Using Spring Web Flow Part 1
by, 11-30-2011 at 04:52 AM (12845 Views)
In a previous article, I gave an introduction to Spring Web Flow. In this article, I will delve into the details of how to use Spring Web Flow.
In Spring Web Flow, a flow is defined by three primary elements: states, transitions, and flow data. States are points in a flow where something happens. Consider if you want to plan a short holiday in Florence. You need to first choose your flights, then you choose your hotel, you might also choose a car, etc. Similarly, as a flow progresses, it collects some data (i.e. the current condition of the flow) and continues along until it reaches the end state which in terms of the holiday in Florence would be making payment.
Letís take a closer look at how these three elements are defined in Spring Web Flow. Spring Web Flow defines five different kinds of state. The selection of states provided by Spring Web Flow makes it possible to construct virtually any arrangement of functionality into a conversational web application. Though not all flows will require all of the states you will most probably end up using most of them at one time or another.
The start-state, when a flow is created the initial state of the flow is defined by the start-state attribute in the Webflow.
An action-state executes an action and returns a logical result on its completion. The next to which the flow will be transitioned to depends on the result of this state
A view-state when entered pauses the flow and returns the control to the client/user and the flow is resumed on the user/client event which resumes the flow and triggers the transition to the state depending on the user/client input or decision.
A decision-state is used to determine the next state in the dynamic way or at runtime. If our next state depends on some attributes or properties ( eg. If users are not logged then redirect them to login page ).
A subflow-state is used to represent independent flows which are not dependent on the main flow. A subflow is created as child of main flow (parent flow). When a subflow is called the parent flow is suspended until the child flow completes. This helps to maintain the application as a set of sub-modules (Subflows) which can be used multiple times. The Subflow can be child of another Subflow or of the root flow.
End-state signifies the end of the flow. When a flow enters the end-state the active flow session is terminated. If the end-state of the root flow is entered the resources associated with it are cleaned up automatically.
View states are used to display information to the user and to offer the user an opportunity to play an active role in the flow. The actual view implementation could be any of the views supported by Spring MVC, but is often implemented in JSP. Within the flow definition XML file, the <view-state> element is used to define a view state:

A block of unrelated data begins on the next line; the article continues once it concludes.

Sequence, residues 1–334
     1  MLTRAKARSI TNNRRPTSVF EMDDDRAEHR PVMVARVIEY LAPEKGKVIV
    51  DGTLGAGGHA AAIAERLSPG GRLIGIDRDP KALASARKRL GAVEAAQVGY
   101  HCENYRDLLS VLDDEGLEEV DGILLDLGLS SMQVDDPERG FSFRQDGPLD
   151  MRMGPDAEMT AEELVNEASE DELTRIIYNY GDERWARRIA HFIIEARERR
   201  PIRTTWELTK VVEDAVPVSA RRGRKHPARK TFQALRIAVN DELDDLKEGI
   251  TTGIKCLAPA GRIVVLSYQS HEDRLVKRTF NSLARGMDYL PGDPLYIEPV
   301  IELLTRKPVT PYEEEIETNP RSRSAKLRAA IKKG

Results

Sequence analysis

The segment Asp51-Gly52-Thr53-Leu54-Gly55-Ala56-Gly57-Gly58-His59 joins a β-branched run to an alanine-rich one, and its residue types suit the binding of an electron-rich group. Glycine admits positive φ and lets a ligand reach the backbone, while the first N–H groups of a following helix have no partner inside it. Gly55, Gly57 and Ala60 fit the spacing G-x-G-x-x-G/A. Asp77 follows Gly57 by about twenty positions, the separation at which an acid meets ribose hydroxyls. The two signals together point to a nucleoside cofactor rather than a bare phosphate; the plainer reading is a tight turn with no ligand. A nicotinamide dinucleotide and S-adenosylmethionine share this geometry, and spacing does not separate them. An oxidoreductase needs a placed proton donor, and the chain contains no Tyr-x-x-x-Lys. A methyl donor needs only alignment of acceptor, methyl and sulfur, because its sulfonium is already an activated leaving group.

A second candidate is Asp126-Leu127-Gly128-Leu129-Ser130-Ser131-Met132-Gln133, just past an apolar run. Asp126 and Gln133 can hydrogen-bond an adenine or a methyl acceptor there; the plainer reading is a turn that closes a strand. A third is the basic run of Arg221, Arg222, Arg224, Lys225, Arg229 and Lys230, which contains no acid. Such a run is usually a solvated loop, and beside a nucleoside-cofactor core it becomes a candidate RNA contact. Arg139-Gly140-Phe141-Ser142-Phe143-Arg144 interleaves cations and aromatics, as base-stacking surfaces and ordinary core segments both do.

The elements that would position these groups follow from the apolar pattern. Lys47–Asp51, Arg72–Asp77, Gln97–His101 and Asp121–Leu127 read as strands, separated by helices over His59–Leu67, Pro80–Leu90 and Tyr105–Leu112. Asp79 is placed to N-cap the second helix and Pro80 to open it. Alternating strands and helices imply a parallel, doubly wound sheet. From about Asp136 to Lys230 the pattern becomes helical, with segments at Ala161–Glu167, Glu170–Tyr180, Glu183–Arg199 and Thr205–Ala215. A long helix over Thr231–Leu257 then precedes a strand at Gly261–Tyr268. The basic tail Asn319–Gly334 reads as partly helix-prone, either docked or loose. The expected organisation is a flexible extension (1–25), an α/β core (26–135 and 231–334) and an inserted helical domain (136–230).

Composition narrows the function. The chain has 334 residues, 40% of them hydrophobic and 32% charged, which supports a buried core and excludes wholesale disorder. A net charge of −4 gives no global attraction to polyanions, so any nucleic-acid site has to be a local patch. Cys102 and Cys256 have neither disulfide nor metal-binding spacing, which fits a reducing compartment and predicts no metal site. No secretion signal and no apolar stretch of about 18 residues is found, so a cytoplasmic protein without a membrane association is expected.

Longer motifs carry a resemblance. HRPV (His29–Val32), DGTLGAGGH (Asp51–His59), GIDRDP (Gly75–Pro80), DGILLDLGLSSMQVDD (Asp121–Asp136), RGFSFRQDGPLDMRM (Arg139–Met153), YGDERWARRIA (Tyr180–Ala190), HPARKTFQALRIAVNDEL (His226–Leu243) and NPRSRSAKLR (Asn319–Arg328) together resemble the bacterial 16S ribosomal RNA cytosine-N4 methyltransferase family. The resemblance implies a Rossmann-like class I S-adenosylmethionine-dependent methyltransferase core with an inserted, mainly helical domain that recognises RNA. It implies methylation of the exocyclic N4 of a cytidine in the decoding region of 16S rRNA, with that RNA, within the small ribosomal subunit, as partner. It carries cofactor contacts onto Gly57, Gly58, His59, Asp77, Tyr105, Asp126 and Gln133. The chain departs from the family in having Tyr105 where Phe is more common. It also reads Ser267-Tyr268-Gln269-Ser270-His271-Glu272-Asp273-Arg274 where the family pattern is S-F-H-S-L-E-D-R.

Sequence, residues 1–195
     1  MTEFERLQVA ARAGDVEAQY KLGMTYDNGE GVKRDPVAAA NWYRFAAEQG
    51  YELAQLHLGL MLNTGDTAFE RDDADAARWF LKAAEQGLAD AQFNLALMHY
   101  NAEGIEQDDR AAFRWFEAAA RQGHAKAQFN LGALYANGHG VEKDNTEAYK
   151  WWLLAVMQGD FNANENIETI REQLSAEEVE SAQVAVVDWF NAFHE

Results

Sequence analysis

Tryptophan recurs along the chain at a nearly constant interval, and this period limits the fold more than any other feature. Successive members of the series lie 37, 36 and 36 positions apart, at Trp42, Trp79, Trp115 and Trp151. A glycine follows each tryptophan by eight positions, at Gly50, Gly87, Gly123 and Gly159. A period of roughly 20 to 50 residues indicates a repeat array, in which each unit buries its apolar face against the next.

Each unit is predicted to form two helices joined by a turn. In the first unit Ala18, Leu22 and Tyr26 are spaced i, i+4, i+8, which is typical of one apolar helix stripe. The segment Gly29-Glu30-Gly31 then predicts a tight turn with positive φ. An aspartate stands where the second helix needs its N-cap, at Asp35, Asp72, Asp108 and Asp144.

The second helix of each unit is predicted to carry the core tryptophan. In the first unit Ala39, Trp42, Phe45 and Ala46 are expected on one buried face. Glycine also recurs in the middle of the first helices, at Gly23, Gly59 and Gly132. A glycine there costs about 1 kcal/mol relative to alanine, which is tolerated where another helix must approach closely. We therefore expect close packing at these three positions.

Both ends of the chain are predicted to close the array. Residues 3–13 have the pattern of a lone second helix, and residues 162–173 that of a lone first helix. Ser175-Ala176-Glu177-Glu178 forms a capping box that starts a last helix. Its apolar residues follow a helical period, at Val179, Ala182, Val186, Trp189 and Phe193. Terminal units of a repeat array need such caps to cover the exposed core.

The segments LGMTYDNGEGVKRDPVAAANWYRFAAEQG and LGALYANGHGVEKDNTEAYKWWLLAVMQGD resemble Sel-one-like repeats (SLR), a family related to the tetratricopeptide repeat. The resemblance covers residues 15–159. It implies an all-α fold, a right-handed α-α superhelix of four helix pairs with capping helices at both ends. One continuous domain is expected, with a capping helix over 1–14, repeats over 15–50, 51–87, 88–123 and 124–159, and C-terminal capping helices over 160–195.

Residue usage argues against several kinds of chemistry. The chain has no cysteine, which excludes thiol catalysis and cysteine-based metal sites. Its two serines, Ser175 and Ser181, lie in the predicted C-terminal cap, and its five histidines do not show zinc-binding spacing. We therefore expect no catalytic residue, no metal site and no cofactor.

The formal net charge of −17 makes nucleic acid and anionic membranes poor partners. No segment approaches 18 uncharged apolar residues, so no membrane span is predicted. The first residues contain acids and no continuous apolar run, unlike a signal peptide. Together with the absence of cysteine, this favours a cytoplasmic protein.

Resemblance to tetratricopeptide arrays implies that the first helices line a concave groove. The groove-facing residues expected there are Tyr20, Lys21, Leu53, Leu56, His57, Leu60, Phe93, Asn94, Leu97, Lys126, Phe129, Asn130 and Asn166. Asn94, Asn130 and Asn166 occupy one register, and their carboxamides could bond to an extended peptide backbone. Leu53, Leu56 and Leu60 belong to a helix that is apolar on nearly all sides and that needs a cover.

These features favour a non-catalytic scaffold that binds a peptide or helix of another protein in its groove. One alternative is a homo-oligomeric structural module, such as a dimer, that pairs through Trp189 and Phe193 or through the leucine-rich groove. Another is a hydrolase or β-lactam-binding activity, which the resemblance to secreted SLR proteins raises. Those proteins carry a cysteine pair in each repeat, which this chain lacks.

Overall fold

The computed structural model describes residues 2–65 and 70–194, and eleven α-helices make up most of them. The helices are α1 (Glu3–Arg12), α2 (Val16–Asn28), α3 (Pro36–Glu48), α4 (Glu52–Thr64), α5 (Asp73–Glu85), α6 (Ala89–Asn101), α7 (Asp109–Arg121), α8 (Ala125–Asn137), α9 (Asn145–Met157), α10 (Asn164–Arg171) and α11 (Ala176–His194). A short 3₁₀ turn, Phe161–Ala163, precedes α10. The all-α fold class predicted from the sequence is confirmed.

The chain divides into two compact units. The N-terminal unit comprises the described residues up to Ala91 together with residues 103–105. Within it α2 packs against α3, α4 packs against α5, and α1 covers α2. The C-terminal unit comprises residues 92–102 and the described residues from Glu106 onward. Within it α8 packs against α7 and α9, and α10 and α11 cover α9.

In this simple example, the id attribute serves a dual purpose. It identifies the state within the flow. Also, because no view has been specified otherwise, it specifies welcome as the logical name of the view to be rendered when the flow reaches this state. If youíd rather explicitly identify another view name, then you can do so with the view attribute:Java Code:<view-state id="welcome" />
<view-state id="welcome" view="greeting" />
If a flow presents a form to the user, you may want to specify the object to which the form will be bound. To do that, set the model attribute:
Below Iíve specified that the form in the takePayment view will be bound to the flow-scoped paymentDetails object.Java Code:<view-state id="takePayment" model="flowScope.paymentDetails"/>
Whereas view states involve the users of the application in the flow, action states are where the application itself goes to work. Action states typically invoke some method on a Spring-managed bean and then transition to another state depending on the out- come of the method call. In the flow definition XML, action states are expressed with the <action-state> element. Hereís an example:
Although itís not strictly required, <action-state> elements usually have an <evaluate> element as a child. The <evaluate> element gives an action state some- thing to do. The expression attribute is given an expression thatís evaluated when the state is entered. In this case, expression is given a SpEL2 expression which indicates that the saveOrder() method should be called on a bean whose ID isJava Code:<action-state id="saveOrder"> <evaluate expression="holidayFlowActions.saveOrder(order)" /> <transition to="thankYou" /> </action-state>